In 2010, congress passed historic legislation that made it illegal to deny insurance to those with pre-existing conditions, allowed young people to stay on their parent’s insurance until age 26, and provide financial assistance to those who could not previously afford health insurance.
With passage of the Affordable Care Act, there are more than 16 million people who have insurance that did not have it before, and the apocalyptic consequences that the Republican Party predicted, have not come to pass.
While the Affordable Care Act has improved the lives of millions of Americans, there are many who have fell through the cracks due to holes in the system and the refusal of many Republican Governors, like former Alabama Governor Robert Bentley, to expand Medicaid.
Even with these setbacks, the Affordable Care Act (Obamacare) has been an undeniable success, and an important step in improving the health care of the American people, but the ACA is under attack by the Trump administration and House Republicans. It’s bad enough that they tried to pass a bill that would kick 24 million Americans of their insurance, raise the cost of healthcare insurance by 500% for older Americans, and raise rates for those with pre-existing conditions by more than 1000%, so that they can give huge tax-breaks to the rich. What makes matters worse is the fact that the Trump administration is out right lying about the health of the Affordable Care Act. He is trying to convince the American people that the ACA is on its death bed, but that is just not the case.
According to the Kaiser foundation and the Congressional Budget Office, the ACA market place is having difficulties in some areas, but it is far from collapse. They also conclude that the Republican plan would make the insurance market more unstable.
It is time for a different approach to health care, and that is why I would propose legislation that would establish a single-payer health care system.
What is single-payer health care?
Single-payer health care is when the government collects all health care fees and pays all health care costs. This would eliminate waste and allow us to provide medical care to everyone for less than we currently pay as a nation in insurance premiums.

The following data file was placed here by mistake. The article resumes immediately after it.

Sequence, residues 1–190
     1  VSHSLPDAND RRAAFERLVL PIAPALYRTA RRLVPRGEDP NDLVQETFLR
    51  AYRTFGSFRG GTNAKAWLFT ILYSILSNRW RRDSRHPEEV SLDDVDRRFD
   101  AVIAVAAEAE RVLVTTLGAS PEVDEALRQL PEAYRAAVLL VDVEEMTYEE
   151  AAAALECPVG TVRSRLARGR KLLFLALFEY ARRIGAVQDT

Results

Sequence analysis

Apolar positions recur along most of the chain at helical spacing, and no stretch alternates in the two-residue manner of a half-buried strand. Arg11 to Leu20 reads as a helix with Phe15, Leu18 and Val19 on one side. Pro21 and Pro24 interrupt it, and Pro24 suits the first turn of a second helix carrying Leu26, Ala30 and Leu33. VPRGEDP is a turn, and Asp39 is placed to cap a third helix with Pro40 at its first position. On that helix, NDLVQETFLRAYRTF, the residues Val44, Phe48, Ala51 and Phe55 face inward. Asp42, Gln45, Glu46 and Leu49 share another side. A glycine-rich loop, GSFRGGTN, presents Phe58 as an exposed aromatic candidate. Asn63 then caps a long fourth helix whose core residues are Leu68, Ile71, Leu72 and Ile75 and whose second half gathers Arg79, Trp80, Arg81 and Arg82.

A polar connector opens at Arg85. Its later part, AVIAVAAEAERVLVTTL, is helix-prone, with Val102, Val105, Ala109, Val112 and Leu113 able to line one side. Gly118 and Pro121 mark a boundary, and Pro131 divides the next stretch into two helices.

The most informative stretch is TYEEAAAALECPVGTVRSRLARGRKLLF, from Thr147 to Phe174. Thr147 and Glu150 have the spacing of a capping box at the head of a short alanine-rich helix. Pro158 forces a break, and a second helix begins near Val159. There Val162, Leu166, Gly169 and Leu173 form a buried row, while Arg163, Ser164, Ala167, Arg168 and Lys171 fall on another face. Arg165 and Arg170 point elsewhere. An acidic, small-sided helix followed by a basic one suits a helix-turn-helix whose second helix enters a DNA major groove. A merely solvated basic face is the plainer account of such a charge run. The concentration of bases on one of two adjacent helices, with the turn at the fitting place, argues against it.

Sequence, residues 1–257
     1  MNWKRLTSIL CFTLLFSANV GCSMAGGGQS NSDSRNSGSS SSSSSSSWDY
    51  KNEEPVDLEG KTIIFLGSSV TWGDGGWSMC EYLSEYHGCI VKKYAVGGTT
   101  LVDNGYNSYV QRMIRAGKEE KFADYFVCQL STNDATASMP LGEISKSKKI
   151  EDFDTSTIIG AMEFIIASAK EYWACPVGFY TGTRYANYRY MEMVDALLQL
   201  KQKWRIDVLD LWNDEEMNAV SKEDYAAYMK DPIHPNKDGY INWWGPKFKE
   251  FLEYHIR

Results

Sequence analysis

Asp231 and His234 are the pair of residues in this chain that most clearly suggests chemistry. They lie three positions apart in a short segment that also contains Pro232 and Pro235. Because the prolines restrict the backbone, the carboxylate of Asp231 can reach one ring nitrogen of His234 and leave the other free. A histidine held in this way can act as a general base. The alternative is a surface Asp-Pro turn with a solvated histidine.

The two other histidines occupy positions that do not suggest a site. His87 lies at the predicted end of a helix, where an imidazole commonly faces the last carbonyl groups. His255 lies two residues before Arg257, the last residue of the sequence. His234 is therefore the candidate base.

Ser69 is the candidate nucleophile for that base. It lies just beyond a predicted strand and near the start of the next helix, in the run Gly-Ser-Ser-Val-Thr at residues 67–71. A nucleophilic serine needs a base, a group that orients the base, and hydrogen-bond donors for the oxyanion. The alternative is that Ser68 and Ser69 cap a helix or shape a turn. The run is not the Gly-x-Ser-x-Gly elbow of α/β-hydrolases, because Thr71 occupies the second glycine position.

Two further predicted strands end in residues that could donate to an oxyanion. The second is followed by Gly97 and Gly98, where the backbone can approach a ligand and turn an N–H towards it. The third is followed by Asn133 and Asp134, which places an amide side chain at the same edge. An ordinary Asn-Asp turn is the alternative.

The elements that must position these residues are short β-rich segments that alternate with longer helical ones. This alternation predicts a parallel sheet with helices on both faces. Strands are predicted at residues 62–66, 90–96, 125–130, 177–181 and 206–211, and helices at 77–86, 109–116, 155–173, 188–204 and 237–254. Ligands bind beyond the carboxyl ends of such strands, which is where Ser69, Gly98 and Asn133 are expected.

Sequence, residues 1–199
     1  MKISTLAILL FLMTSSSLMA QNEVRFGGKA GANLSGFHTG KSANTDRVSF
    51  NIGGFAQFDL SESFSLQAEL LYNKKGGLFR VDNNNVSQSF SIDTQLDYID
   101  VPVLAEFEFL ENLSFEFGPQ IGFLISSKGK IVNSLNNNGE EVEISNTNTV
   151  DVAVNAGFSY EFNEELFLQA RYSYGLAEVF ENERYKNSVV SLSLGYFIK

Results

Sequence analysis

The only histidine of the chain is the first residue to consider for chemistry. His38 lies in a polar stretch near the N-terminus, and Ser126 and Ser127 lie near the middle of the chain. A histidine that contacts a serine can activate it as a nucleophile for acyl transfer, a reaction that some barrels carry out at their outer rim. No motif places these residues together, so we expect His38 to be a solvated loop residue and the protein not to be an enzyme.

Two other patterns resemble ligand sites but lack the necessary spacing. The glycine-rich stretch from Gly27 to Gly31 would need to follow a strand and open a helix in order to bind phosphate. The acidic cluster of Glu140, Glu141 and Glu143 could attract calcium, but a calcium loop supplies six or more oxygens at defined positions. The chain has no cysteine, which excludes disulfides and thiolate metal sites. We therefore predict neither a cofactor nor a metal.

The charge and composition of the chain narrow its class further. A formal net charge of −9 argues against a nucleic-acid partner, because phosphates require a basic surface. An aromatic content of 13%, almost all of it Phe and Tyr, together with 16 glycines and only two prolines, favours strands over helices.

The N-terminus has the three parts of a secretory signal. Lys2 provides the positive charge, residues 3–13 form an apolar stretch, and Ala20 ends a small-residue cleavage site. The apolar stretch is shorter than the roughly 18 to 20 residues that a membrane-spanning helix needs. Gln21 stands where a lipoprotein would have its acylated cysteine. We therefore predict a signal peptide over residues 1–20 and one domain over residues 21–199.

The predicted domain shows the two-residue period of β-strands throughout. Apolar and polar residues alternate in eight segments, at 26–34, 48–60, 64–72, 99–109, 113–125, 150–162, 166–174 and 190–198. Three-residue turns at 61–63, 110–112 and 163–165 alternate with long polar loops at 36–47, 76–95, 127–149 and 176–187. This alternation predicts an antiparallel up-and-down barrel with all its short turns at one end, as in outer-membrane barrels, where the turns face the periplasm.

In addition to high profits, insurance companies have high administrative costs due to executive salaries, advertising, lobbying and other business related expenses that would be eliminated under a single-payer system.
Hospitals would see a reduction in billing and administrative costs by dealing with a single-payer as opposed to dealing with more than 1500 insurance companies with different rules and procedures for billing and obtaining approval for medical services.
Everyone would have the same access to medically necessary services, devices and prescriptions. There would be no fees or copays, and care would be based on need and not the patient’s ability to pay.
Instead of paying insurance premiums, employers would pay a payroll tax of 4.75% on all employees, and employees would be accessed a payroll tax of 3.5%.
According to a study by the New England Journal of Medicine, 95% of Americans would pay less for health care than they are paying now, and that even with the vast increase in comprehensive care, a single payer system would reduce overall cost by $400 billion annually.
This plan would not only increase the availability of health care that is based on patient affordability, it would increase access because we would be able to prevent the closing of many of our rural hospitals that has been epidemic due to rising costs. The plan would provide them with a budget that would allow them to serve the people in their area.
The simple fact is, the availability of care should not be based on one’s ability to pay, and the health of the American people is not something that should provide huge profits to companies that try to provide us with as little health care as they can get away with under the law.
Health care is a human right. The health of the American people directly affects the health of our economy and our nation as a whole, and it is important that we do everything that we, as a nation, can do to provide every American with the heath care they need, when they need it.
For this campaign to be successful, it will require a strong and organized grassroots campaign. With qualifying fees, brochures, flyers, yard signs and advertising to place, I cannot do it all alone. That is why I am turning to the people who have supported me the most to get involved in my campaign and help make a difference.
My opponents have vast financial resources at their disposal. With your contribution of $10, $25, $50 or more to my campaign, you can ensure that our voices are represented in the election and then in the Senate.